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THANK YOU SCIENTIST

Crossover Prog • United States


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Thank You Scientist biography
Thank You Scientist is a seven-headed rock ensemble from New Jersey. Their debut record, The Perils of Time Travel, was released in January 2011. The music can be best described as progressive rock mixed with jazz and fusion. Not an uncommon trait especially under the crossover banner.They are from New Jersey and have been playing successful live shows to eager audiences for some time now. The abovementioned EP release consists of five tracks and has been warmly received. The band comprises of:

Sal Marrano: Vocals, Beard
Tom Monda: Fretted and Fretless Guitar
Greg Colacino: Acoustic and Electric Bass
Odin Alvarez: Drums
Russ Lynch: Violin and Viola
Ellis Jasenovic: Tenor and Soprano Sax
Andrew Digrius: Trumpet, Flugelhorn, and Synth

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Maps of Non-Existent PlacesMaps of Non-Existent Places
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THANK YOU SCIENTIST discography


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3.99 | 83 ratings
Maps of Non-Existent Places
2012

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3.64 | 12 ratings
The Perils Of Time Travel
2011

THANK YOU SCIENTIST Reviews


Showing last 10 reviews only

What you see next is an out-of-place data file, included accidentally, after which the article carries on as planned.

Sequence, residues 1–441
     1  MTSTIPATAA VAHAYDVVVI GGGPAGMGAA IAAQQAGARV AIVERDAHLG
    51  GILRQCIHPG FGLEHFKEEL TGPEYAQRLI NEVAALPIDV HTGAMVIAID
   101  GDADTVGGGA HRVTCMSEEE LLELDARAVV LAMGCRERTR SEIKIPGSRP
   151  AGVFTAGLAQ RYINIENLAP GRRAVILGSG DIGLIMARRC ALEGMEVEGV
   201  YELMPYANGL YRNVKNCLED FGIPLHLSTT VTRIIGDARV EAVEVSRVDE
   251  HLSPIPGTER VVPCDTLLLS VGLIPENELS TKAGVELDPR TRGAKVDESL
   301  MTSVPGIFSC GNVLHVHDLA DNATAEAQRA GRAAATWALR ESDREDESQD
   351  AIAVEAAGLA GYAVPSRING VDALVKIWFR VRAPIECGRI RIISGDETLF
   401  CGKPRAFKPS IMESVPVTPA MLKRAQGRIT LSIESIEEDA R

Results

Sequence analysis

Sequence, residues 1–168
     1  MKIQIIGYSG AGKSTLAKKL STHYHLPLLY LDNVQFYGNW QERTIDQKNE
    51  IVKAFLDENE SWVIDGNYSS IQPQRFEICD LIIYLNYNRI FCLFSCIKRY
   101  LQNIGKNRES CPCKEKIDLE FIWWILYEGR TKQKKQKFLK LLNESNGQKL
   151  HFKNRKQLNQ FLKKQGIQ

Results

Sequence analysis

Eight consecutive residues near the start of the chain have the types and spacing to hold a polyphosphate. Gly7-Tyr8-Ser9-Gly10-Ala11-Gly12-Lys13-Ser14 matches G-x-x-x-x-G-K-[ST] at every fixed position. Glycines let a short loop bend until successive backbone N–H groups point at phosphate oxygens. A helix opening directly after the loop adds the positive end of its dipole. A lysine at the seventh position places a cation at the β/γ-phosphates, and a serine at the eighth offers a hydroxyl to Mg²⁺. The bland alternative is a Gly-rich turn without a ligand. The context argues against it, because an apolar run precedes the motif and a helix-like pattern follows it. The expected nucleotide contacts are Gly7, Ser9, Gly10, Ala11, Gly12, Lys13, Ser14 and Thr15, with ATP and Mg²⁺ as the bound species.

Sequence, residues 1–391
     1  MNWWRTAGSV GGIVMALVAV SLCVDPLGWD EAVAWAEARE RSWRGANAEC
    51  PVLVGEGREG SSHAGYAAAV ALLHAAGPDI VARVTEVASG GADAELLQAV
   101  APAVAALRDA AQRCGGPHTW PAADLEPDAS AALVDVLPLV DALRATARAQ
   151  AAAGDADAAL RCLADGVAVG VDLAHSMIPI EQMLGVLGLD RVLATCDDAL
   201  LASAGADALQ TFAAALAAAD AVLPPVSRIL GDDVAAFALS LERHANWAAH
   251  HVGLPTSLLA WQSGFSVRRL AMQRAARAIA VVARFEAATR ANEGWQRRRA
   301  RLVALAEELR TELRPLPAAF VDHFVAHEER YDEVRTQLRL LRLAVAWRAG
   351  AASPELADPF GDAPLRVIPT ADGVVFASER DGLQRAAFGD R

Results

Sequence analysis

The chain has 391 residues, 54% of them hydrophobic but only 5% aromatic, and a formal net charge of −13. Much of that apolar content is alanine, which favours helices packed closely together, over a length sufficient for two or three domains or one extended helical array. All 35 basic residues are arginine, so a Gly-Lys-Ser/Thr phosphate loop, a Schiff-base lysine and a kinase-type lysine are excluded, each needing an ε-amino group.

Maps of Non-Existent Places by THANK YOU SCIENTIST album cover Studio Album, 2012
3.99 | 83 ratings

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Maps of Non-Existent Places
Thank You Scientist Crossover Prog

Review by Daggor

4 stars In conversations with our beloved editor/boss/thing Dan, I've used the term "mad scientist prog" to describe that brand of genre-blending madness that I absolutely adore, and he thinks up lame puns to deride. However, I have a certain love for bands who put a value on trying something new, all the while holding onto good songwriting. In a fit of delightful irony, I recently happened upon a band of this distinction named Thank You Scientist. A new progressive rock band from New Jersey whose debut album, Maps Of Non-Existent Places, flew under my radar for almost 2 years before taking my car stereo by storm.

Thank You Scientist could be described as a genre blender. With jazz-influenced progressive metal, the doors are already wide-open to a wide array of styles, but I'm hearing a particularly intentional ska-bend going on with the trumpet inclusion on numerous songs. In addition to your typical 4 piece band, Thank You Scientist adds 3 additional members for violin, saxophone and trumpet. Schizophrenic probably doesn't even do the chaos of their sound justice, but there's a couple of things that make a fusion like this work absolutely wonderfully. The effect is infectious, uptempo songs filled with melodies stacked upon themselves,

I'm not a fan of punk or ska music, but it does create an effective framework to conduct more chaotic compositions, and Thank You Scientist has absolutely mastered channeling that chaos into absolutely wonderful songs. In some ways, they remind me a lot of Beardfish, except working with a more modern palette of influences. The familiarity is not necessarily because they are similar, but more just that I appreciate them on similar levels for similar reasons.

There's not actually a guitar solo on Maps Of Non-Existent Places until nearly halfway in, but the guitar tone is absolutely stunning, and some really top notch shredding shows up in other places throughout. I'd recommend starting with "A Salesman's Guide To Nonexistence", "Absentee", and "My Famed Disappearing Act" to get a good taste of just how awesome of a record you're in for.